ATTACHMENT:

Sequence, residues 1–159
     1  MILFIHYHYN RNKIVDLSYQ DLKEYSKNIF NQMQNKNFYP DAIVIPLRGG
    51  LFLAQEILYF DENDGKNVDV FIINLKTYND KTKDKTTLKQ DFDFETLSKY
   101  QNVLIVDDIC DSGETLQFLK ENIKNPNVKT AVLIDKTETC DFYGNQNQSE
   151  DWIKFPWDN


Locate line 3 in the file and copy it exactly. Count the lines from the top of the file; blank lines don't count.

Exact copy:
    51  LFLAQEILYF DENDGKNVDV FIINLKTYND KTKDKTTLKQ DFDFETLSKY